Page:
Harvey Mars is counsel to Local 802. Legal questions from members are welcome. E-mail them to firstname.lastname@example.org. Harvey Mars’s previous articles in this series are archived at www.harveymarsattorney.com. (Click on “Publications & Articles” from the top menu.) Nothing here or in previous articles should be construed as formal legal advice given in the context of an attorney-client relationship.
As many readers remember, the December 2017 issue of Allegro featured a courageous cover story by Local 802 member Camille Thurman, who wrote about overcoming sexual harassment as a female musician. In my own article in that same issue, I wrote about how New York City Law attempts to provide some protections against sexual harassment. In 2005, the New York City Administrative Code was strengthened in this regard, and over the years, favorable judicial decisions have increased its protections.
I am now happy to report further positive developments. New legislation in New York will extend the reach of both the remedies and the protections afforded to workers in New York City and New York State. Earlier this year, Mayor Bill de Blasio signed into law a package of legislation known as the “Stop Sexual Harassment in NYC Act” (Local Laws 95 and 96), which extends the legal protections afforded to employees far beyond what is available in other states. This progressive law became effective on Sept. 6.
While some of this legislation is geared towards public sector employees and employer reporting requirements, significant portions address private sector workers. Every musician should study up on this new legislation and learn how it can reduce sexual harassment in the workplace.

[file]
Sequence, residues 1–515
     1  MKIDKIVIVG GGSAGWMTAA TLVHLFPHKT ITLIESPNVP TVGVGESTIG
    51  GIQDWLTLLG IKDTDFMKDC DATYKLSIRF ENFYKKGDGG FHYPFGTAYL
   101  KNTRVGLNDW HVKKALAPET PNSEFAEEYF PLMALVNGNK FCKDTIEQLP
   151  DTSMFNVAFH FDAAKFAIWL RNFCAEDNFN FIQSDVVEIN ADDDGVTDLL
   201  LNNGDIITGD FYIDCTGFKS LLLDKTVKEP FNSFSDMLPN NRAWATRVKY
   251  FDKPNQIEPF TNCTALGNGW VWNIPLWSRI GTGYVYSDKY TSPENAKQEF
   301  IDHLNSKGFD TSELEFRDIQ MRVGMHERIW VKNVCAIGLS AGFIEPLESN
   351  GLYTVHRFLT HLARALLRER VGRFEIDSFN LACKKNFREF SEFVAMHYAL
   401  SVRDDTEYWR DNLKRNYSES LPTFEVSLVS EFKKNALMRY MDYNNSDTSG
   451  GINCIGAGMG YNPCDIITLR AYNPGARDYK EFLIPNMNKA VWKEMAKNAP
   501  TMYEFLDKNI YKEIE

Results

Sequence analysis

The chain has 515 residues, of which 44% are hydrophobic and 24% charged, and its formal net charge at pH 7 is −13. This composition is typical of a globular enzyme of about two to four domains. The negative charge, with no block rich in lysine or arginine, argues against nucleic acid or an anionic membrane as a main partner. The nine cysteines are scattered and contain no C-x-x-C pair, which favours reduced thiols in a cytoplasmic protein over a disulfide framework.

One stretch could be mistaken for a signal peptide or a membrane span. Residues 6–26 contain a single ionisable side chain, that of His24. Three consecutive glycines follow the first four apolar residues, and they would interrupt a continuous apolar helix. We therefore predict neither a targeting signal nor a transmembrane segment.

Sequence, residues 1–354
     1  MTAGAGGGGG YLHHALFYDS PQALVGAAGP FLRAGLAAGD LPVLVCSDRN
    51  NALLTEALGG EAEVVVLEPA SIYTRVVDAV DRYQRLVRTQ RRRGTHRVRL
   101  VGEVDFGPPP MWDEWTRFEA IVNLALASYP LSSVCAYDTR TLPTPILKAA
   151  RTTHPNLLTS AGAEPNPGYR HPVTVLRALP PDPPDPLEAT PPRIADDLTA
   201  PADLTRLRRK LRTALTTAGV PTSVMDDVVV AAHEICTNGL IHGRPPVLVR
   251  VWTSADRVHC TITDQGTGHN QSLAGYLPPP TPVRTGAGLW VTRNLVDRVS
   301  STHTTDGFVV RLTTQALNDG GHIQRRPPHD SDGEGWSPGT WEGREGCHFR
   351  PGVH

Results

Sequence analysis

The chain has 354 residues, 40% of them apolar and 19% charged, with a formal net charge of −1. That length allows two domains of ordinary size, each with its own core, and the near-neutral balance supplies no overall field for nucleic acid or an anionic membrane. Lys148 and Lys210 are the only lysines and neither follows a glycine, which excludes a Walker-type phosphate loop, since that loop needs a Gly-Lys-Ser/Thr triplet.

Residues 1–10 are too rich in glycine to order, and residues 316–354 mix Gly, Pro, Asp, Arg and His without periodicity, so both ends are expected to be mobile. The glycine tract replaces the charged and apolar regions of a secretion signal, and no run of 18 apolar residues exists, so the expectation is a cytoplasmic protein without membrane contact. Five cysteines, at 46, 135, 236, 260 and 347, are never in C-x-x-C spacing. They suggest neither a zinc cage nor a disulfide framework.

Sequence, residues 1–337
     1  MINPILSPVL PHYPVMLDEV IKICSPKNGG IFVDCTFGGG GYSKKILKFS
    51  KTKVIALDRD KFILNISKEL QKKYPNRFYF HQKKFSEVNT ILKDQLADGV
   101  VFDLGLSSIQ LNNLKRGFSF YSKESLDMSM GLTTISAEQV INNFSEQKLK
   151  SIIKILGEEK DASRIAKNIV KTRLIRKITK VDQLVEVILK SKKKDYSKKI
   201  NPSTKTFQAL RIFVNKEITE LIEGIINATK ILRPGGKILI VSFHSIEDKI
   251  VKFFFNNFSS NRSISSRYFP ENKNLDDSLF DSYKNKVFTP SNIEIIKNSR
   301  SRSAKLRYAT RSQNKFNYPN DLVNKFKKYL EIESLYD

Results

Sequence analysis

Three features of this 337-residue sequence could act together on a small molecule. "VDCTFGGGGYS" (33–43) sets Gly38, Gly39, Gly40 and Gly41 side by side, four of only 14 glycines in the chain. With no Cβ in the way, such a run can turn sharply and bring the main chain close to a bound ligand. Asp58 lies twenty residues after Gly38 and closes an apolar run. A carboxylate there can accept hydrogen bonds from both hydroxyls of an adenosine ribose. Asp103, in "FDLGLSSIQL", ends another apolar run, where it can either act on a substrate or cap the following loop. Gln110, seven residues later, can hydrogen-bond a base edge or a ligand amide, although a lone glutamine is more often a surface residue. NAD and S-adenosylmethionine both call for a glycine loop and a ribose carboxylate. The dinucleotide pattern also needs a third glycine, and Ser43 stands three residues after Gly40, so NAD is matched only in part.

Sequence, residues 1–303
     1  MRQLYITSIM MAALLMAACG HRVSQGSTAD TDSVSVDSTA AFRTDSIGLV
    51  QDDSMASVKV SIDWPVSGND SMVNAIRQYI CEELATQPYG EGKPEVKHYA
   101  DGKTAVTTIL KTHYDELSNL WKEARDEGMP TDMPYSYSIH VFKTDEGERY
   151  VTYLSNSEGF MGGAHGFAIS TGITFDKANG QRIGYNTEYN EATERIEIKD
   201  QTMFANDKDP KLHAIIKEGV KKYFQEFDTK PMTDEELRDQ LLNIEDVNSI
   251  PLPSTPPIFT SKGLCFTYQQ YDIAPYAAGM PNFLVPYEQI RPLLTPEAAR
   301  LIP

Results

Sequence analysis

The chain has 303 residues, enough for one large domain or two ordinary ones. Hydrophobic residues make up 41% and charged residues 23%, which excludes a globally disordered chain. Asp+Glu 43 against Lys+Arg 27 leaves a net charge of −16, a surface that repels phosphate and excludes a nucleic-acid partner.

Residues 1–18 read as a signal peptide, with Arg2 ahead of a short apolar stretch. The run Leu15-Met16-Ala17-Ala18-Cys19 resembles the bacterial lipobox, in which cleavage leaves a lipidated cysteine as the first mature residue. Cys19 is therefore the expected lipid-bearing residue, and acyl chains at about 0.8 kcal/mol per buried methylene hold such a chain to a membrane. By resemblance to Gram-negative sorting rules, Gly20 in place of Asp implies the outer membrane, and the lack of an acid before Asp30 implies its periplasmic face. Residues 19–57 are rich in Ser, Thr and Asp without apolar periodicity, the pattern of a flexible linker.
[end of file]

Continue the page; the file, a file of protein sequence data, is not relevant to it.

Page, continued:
Under the new laws, all NYC employers will be required to prominently display a poster developed by the New York City Commission on Human Rights that reviews and highlights what sexual harassment is, what legal remedies there are for it and how an affected employee may pursue those remedies. The poster is required to be displayed in common work areas in both English and Spanish (click here for English version.) Further, New York City employers are now required to distribute to all employees a fact sheet detailing the new law, which parallels the information contained in the poster.
The new laws also require employers who have 15 or more employees (including interns, supervisors and managerial employees) as of April 1, 2019 to conduct annual anti-sexual harassment training. The training must cover topics such as the definition of sexual harassment and how to bring a sexual harassment complaint both internally and through administrative agencies such as the NYC Commission on Human Rights. While this training is meant to be interactive, it need not be conducted in person by a live instructor. The commission is currently developing an online version. The training must be conducted on an annual basis for current employees. New employees who work 80 hours a year on a full or part-time basis in New York City must receive training within the first 90 days of their employment. Employers are required to obtain from each employee a signed acknowledgement that they attended the training. This acknowledgement may be provided electronically. Employers will also be required to maintain documentation and records related to the trainings they have conducted.
Finally the law amends the New York City Human Rights Law to permit claims of gender-based harassment by all employees regardless of how many employees their employer has. Prior to the amendment, the law did not apply to employers that employed less than five employees. The law also extends the statute of limitations for claims of sexual harassment to three years (from the previous one year).
New York State has added a provision to the New York State Human Rights Law prohibiting sexual harassment of non-employees in the workplace, meaning that state law will now prohibit discrimination (including sexual harassment) against “contractors, subcontractors, vendors, consultants or other persons providing services pursuant to a contract in the workplace-or an employee of any of these.” Furthermore, as of July 11, New York State prohibits settling sexual harassment cases with non-disclosure agreements (agreements that require the terms and existence of a settlement to be held in confidence) unless the claimant affirmatively prefers non-disclosure.
This new legislation places New York far ahead of other municipalities in its effort to eradicate workplace sexual harassment. It serves as a welcome addition to the panoply of other progressive legislation that New York has sponsored and brought to fruition.